TUNIS - Riot police fired teargas in front of the Interior Ministry in the Tunisian capital on Thursday to try to disperse hundreds of people protesting against the assassination of opposition figure Mohamed Brahmi, a Reuters witness said.
Tunisian opposition politician Mohamed Brahmi was
shot dead in the second such assassination this year, setting off
violent protests against the Islamist-led government in the capital and
"This criminal gang has killed the free voice of Brahmi," his
widow Mbarka Brahmi told Reuters, without specifying who she thought was behind
the shooting outside their home in Tunis.
Brahmi's sister later accused
the main Islamist Ennahda party of being behind the killing. "Ennahda killed my
brother," Souhiba Brahmi said. Ennahda has condemned the murder.
politician's wife said Brahmi had left the house after receiving a telephone
call. She heard shots and found his body lying on the ground outside as two men
fled on a motorcycle.
Brahmi belonged to the secular, Arab nationalist
Popular Front party, whose then-leader, Chokri Belaid, was killed in a similar
way on Feb. 6. His death ignited the worst violence in Tunisia since President
Zine al-Abidine Ben Ali fell in 2011.
Divisions between Islamists and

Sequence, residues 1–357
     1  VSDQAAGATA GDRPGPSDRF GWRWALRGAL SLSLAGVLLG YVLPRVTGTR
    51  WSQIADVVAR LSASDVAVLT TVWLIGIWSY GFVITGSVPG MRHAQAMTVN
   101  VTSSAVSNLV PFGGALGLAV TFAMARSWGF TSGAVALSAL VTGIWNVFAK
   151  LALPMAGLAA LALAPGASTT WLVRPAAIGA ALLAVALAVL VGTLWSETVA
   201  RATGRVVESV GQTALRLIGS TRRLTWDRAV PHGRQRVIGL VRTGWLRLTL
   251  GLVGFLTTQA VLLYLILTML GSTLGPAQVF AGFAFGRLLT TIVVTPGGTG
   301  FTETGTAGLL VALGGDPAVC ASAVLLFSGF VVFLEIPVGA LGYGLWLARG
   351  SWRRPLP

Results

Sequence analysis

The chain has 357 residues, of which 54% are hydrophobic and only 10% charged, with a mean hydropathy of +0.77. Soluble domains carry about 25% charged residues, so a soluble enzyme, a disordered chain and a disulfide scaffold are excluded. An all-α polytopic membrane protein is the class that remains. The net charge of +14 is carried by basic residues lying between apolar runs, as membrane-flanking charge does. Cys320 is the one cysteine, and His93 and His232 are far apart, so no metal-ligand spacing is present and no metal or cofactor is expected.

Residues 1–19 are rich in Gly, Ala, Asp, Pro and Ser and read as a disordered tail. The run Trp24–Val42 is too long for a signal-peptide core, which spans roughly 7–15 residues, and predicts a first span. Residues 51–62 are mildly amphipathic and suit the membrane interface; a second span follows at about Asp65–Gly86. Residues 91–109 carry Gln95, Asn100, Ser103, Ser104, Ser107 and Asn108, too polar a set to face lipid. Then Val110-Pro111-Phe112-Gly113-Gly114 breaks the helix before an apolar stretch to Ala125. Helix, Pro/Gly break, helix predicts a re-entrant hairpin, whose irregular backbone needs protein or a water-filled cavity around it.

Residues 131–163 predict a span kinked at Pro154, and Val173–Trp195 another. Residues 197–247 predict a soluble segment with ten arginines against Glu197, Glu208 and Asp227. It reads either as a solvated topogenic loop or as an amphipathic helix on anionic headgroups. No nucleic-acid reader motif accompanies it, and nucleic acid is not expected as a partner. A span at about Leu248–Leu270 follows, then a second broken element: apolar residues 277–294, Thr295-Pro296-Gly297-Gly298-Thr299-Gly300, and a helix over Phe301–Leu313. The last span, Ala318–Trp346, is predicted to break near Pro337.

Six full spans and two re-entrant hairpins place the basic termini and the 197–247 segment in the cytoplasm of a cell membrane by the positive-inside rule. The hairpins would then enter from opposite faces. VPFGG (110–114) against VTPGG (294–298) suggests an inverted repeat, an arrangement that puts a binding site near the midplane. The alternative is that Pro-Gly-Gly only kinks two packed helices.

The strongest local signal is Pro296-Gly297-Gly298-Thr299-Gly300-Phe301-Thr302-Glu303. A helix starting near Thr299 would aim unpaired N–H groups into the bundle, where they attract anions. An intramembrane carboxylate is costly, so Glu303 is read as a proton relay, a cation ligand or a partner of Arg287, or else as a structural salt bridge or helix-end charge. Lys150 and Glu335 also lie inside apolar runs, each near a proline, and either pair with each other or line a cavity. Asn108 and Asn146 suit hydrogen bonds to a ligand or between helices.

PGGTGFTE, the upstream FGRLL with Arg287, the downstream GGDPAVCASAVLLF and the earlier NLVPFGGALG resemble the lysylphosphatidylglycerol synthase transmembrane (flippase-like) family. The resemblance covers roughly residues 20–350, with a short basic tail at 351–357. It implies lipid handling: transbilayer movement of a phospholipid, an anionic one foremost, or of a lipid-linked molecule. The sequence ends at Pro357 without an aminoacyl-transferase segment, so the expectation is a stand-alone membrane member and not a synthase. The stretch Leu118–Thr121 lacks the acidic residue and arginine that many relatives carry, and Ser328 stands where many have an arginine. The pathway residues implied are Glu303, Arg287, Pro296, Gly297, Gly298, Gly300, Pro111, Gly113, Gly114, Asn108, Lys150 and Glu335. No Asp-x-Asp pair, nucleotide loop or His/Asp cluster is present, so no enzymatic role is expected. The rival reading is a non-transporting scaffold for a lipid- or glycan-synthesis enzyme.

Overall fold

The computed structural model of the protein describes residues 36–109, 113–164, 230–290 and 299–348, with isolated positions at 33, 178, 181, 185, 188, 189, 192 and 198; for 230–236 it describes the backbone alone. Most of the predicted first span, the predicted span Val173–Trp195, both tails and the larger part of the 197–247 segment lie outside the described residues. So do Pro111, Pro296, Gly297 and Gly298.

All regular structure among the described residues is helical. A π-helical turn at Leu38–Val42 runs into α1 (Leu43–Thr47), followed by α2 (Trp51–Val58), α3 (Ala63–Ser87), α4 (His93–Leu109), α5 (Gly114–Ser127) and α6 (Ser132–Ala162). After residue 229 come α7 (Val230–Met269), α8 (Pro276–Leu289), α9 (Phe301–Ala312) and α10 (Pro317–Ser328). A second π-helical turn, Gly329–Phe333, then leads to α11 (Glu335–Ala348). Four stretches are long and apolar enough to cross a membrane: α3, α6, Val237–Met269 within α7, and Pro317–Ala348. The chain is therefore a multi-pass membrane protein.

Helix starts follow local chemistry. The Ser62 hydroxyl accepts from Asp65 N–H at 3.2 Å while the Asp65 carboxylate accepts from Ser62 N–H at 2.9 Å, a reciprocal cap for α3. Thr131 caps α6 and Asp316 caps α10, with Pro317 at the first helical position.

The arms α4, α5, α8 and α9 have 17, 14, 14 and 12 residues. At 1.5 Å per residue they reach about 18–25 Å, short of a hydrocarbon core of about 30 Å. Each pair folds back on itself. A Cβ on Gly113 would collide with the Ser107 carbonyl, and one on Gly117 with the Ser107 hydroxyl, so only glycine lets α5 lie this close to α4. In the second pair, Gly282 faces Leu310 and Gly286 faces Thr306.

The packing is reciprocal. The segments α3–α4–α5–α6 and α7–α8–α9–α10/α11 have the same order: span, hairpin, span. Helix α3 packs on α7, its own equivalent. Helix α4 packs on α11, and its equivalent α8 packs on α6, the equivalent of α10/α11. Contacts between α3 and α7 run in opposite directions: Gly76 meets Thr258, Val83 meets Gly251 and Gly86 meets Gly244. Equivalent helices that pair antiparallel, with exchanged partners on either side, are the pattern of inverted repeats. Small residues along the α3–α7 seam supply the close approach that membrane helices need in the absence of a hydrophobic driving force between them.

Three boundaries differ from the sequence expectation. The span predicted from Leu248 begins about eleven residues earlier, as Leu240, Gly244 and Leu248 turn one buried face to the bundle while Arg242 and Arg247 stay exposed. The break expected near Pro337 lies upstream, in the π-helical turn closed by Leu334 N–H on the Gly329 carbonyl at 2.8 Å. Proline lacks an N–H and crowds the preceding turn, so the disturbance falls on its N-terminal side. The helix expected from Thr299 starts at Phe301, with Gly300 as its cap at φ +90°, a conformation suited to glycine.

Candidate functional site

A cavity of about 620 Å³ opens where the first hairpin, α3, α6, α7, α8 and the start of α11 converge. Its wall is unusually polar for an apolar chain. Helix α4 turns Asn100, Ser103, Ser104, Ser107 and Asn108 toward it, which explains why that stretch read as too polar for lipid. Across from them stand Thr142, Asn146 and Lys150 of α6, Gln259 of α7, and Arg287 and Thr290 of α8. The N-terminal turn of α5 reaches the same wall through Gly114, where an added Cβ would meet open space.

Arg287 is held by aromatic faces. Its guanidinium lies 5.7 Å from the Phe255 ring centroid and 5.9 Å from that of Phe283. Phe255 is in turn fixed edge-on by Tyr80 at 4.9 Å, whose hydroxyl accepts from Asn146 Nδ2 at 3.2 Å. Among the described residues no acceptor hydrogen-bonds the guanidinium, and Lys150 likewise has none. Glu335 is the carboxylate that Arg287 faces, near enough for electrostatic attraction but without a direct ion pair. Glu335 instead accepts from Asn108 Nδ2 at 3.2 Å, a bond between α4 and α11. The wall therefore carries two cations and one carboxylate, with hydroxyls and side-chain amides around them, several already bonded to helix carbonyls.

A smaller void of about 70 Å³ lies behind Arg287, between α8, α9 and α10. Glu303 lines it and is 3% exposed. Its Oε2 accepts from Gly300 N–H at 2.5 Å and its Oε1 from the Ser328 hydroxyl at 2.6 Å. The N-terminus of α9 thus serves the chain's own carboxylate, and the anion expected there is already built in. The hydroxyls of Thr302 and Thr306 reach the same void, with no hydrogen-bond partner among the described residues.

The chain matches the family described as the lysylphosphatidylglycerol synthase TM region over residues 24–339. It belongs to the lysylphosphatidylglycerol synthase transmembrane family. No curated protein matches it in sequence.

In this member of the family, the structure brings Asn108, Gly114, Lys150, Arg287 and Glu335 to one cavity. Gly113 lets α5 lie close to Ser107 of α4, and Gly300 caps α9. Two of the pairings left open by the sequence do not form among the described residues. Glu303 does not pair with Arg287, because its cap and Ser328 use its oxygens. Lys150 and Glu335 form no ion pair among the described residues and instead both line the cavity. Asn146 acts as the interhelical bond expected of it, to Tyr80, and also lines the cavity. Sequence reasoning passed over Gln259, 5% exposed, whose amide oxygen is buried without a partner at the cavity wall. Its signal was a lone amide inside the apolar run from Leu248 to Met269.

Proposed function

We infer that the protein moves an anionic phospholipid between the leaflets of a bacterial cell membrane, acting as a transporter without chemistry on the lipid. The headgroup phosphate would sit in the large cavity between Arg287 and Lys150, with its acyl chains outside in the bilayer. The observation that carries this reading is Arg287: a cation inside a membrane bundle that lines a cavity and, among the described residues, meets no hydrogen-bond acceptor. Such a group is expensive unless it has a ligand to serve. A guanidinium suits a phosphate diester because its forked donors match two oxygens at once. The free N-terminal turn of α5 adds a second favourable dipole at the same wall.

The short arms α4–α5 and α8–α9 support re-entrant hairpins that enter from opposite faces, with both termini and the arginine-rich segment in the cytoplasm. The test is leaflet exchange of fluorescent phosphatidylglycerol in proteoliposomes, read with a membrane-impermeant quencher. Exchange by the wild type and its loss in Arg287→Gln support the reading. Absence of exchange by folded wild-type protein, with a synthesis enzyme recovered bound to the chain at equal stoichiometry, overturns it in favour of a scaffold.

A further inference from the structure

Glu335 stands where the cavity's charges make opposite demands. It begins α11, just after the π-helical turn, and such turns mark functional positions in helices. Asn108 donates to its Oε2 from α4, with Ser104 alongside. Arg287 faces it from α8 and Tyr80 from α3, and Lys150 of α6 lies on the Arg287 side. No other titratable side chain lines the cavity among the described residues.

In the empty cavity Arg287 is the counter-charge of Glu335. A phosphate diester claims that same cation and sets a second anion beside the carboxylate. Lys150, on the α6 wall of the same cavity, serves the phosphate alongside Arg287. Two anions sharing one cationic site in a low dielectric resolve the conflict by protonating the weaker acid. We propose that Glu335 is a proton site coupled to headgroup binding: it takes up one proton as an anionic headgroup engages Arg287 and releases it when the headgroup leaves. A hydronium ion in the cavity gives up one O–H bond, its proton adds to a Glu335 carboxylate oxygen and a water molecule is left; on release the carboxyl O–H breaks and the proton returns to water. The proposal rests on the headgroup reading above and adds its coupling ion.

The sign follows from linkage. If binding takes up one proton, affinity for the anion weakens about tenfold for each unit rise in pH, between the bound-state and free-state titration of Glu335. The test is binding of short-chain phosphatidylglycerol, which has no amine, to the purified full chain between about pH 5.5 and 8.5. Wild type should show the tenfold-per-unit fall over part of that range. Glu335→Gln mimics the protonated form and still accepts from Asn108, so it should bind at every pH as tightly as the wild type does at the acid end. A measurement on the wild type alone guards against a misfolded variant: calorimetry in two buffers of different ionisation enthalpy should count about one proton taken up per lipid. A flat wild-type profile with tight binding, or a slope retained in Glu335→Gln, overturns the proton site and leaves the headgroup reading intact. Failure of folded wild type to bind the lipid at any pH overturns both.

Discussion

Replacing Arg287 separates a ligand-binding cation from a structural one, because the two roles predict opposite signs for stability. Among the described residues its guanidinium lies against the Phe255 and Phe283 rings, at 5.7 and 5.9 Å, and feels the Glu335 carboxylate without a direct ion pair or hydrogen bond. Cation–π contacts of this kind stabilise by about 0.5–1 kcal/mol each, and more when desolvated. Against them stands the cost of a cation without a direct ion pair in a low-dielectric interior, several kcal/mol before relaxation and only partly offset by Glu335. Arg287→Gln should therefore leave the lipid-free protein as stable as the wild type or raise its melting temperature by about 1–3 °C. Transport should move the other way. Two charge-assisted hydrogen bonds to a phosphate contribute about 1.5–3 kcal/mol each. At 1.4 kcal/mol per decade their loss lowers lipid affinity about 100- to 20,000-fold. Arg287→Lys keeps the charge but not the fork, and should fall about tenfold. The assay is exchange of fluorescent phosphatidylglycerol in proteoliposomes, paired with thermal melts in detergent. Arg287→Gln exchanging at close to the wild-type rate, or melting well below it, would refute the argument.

their secular opponents have deepened since the popular uprising against Ben
Ali, which unleashed unrest across the Arab world, unseating rulers in Egypt,
Libya and Yemen, and leading to a civil war in Syria.
Brahmi, 58, was a
critic of the Ennahda-led ruling coalition and a member of the Constituent
Assembly that has drafted a new constitution for the North African nation of 11
The assassination drew swift international
The US State Department called for a "transparent and
professional" investigation, while French President Francois Hollande urged
Tunisians to show "the necessary spirit of responsibility to preserve national
unity and guarantee the pursuit of the democratic transition".
UN human rights chief Navi Pillay called for the killers to be brought
to account and said the government must do more to "deter these terrible acts"
and protect people at risk.
Thousands of people protested outside the
Interior Ministry in Tunis and a hospital in the Ariana district where Brahmi's